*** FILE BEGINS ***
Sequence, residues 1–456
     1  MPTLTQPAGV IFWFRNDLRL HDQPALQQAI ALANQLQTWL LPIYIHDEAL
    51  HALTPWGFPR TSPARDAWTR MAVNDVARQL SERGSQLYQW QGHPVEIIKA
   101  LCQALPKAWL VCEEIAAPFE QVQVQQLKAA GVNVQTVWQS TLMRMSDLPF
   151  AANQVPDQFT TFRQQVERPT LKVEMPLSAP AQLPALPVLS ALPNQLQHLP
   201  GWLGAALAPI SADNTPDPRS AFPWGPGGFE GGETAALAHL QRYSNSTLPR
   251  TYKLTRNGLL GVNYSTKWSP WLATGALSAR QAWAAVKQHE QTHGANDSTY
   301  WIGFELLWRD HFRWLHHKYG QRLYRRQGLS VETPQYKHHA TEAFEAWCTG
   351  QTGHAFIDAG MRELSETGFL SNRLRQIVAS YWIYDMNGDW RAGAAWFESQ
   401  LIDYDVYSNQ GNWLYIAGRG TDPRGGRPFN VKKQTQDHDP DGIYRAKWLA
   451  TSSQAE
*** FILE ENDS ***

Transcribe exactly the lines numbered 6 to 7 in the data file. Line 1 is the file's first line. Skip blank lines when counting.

   201  GWLGAALAPI SADNTPDPRS AFPWGPGGFE GGETAALAHL QRYSNSTLPR
   251  TYKLTRNGLL GVNYSTKWSP WLATGALSAR QAWAAVKQHE QTHGANDSTY